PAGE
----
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Astronomy: January 2018



Astronomers using ESO's MUSE instrument on the Very Large Telescope in Chile have discovered a star in the cluster NGC 3201 that is behaving very strangely.


In 2014, astronomers using the NASA/ESA Hubble Space Telescope found that this enormous galaxy cluster contains the mass of a staggering three million billion suns.


An intensive survey deep into the universe by NASA's Hubble and Spitzer space telescopes has yielded the proverbial needle-in-a-haystack: the farthest galaxy yet seen in an image that has been stretched and amplified by a phenomenon called gravitational lensing.


Astronomers and visualization specialists from NASA's Universe of Learning program have combined visible and infrared vision of the Hubble and Spitzer space telescopes to create an unprecedented, three-dimensional, fly-through view of the picturesque Orion Nebula, a nearby star-forming region.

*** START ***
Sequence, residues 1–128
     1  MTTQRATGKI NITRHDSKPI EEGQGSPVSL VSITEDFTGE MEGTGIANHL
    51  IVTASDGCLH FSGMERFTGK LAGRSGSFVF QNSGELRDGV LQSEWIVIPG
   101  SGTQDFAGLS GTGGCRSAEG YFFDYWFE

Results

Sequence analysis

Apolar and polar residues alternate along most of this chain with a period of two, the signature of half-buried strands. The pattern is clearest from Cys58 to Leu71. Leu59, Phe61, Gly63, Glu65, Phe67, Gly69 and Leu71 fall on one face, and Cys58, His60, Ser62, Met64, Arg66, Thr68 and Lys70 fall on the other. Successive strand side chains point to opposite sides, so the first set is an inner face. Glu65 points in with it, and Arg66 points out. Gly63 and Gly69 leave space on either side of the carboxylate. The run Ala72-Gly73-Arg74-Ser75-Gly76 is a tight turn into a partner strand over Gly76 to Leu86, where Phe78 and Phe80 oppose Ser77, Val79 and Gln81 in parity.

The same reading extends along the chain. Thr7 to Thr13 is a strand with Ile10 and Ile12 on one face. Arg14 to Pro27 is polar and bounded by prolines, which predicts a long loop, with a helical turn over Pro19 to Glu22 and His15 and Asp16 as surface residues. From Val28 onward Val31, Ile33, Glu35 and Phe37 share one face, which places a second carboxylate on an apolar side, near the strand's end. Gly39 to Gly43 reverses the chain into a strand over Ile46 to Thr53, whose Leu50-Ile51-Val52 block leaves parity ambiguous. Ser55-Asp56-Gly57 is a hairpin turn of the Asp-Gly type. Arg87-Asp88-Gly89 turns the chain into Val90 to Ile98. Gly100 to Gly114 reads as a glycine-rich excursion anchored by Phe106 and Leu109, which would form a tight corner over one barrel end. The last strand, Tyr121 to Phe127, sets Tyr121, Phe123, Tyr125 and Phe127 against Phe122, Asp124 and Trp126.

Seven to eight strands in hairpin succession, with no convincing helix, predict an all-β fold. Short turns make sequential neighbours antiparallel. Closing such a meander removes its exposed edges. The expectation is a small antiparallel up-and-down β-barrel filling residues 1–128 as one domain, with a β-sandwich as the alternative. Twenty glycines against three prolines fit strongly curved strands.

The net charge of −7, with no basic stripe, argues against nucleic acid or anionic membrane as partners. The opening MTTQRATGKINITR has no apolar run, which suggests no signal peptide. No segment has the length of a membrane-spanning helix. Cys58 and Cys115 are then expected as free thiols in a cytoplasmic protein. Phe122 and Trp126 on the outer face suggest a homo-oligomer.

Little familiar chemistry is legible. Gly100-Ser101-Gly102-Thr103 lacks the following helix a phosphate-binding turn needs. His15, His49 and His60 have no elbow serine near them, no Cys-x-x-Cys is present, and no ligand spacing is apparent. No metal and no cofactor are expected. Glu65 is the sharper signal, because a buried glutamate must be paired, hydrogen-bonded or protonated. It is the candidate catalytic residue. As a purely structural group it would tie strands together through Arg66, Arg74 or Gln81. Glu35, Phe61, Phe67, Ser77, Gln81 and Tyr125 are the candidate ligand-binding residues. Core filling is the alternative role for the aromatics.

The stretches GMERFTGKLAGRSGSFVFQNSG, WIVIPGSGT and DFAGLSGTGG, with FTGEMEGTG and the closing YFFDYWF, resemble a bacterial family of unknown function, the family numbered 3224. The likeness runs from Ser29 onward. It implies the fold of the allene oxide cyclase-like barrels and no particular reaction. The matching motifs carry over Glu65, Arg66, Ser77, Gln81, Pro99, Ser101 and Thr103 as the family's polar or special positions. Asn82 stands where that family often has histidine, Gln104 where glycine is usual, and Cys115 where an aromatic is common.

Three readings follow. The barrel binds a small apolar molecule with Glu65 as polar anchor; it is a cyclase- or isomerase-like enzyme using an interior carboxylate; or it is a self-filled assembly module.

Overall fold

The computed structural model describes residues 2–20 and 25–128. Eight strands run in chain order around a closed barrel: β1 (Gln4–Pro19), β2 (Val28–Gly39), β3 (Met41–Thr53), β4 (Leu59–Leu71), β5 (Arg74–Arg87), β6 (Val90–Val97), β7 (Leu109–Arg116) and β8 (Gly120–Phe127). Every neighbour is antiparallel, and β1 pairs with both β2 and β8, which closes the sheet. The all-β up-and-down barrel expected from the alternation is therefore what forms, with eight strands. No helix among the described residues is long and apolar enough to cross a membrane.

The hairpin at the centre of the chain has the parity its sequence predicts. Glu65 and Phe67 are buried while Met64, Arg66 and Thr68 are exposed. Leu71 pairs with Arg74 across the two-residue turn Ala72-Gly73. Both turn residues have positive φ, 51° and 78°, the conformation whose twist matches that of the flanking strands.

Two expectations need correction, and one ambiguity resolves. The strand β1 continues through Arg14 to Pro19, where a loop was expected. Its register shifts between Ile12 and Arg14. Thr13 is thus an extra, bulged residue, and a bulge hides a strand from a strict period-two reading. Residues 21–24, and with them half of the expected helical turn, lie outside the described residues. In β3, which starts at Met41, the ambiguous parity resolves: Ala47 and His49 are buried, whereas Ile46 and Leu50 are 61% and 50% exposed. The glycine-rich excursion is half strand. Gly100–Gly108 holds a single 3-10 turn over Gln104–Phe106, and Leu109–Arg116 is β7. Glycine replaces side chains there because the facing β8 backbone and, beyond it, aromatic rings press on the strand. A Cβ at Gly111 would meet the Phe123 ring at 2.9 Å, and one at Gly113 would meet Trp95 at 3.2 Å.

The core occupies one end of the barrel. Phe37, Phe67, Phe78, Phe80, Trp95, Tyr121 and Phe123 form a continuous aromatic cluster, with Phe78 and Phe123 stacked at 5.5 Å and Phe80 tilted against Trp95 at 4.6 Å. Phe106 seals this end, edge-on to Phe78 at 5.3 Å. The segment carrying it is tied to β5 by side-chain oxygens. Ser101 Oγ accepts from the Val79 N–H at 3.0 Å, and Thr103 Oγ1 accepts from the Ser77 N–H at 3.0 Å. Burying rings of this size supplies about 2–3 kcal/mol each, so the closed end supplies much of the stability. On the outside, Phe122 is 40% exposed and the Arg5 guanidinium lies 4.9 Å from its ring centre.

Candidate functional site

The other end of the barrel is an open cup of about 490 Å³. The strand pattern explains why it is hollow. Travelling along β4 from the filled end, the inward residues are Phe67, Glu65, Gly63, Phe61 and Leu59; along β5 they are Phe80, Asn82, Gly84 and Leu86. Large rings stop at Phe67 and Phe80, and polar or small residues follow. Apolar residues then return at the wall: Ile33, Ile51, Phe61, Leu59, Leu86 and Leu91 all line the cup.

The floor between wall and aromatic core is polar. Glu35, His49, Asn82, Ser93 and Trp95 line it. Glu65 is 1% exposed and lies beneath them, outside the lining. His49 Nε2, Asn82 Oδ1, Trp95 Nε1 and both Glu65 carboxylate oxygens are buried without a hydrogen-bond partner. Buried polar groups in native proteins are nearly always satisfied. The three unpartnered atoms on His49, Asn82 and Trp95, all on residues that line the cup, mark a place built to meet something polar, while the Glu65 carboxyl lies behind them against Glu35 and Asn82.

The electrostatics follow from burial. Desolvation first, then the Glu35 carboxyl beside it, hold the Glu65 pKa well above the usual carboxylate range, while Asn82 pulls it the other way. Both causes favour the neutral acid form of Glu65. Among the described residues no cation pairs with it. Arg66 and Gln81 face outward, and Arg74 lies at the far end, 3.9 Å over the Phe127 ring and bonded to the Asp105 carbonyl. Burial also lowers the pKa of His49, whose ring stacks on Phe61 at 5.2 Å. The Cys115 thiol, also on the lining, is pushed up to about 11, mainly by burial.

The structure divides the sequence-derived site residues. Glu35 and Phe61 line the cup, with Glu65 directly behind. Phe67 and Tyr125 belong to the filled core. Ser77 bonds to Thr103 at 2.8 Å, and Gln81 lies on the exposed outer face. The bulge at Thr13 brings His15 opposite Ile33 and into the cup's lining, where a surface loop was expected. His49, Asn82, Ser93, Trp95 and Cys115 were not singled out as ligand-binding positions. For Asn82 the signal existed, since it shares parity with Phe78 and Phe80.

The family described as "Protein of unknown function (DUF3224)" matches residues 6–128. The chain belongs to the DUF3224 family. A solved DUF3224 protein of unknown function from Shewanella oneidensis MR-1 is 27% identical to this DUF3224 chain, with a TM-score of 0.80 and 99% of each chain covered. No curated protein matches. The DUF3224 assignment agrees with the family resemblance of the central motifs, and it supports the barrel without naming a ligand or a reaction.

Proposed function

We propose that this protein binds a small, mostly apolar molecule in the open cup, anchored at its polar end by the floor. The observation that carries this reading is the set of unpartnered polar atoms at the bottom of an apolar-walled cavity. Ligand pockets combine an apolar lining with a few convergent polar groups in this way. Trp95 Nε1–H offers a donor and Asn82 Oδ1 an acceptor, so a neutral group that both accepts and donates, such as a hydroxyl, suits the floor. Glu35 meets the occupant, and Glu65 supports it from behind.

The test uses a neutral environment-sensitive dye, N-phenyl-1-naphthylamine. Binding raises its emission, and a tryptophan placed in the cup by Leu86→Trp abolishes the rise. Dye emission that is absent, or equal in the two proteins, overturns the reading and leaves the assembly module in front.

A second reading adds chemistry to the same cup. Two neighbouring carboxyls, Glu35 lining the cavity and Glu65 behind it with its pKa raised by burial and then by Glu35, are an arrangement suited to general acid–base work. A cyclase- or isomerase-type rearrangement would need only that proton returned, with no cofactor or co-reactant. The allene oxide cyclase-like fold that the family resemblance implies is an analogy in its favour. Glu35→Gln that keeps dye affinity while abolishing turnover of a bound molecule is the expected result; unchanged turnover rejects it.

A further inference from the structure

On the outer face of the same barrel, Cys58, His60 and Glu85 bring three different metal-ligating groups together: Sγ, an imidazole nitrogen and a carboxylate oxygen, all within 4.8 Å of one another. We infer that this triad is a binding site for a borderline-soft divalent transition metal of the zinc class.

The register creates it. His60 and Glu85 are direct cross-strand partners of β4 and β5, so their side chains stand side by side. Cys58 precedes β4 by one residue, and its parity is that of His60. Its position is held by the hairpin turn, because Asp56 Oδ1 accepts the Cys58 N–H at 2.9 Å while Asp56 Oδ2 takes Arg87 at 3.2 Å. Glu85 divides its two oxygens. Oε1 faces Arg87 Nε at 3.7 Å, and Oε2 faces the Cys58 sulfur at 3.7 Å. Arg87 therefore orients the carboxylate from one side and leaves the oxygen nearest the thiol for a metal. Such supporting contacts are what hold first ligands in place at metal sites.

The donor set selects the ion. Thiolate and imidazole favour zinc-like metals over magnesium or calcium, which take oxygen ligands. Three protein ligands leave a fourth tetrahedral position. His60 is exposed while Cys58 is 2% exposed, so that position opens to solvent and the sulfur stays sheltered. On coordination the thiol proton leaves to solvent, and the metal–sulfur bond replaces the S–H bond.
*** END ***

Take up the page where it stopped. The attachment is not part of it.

New detections of radio waves from a repeating fast radio burst have revealed an astonishingly potent magnetic field in the source's environment, indicating that it is situated near a massive black hole or within a nebula of unprecedented power.


Scientists have solved a cosmic mystery by finding evidence that supermassive black holes prevent stars forming in some smaller galaxies.


The SCHOTT melting team has started casting the first mirror segments that will make up the 39-meter primary mirror (M-1) of the European Large Telescope (ELT).


This image, captured by the NASA/ESA Hubble Space Telescope's Wide Field Camera 3 (WFC3), shows a galaxy named UGC 6093.


Brown dwarfs muddy a clear distinction between stars and planets, throwing established understanding of those bodies, and theories of their formation, into question.


Just like the Sun is moving in our galaxy, the Milky Way, all the stars in galaxies are moving, but with very different orbits: some of the stars have strong rotations, while others may be moving randomly with no clear rotation.


Alien Megastructures Don't Explain Tabby's Star